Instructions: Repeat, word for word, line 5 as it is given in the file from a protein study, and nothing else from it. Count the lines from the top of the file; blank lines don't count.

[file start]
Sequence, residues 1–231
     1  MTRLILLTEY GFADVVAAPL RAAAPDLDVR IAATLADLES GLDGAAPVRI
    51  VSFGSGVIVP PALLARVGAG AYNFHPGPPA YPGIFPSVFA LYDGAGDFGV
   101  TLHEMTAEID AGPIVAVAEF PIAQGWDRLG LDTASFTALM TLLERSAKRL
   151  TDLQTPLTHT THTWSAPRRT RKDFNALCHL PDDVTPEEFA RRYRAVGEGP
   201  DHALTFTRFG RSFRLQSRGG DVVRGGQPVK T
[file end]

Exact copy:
   151  TDLQTPLTHT THTWSAPRRT RKDFNALCHL PDDVTPEEFA RRYRAVGEGP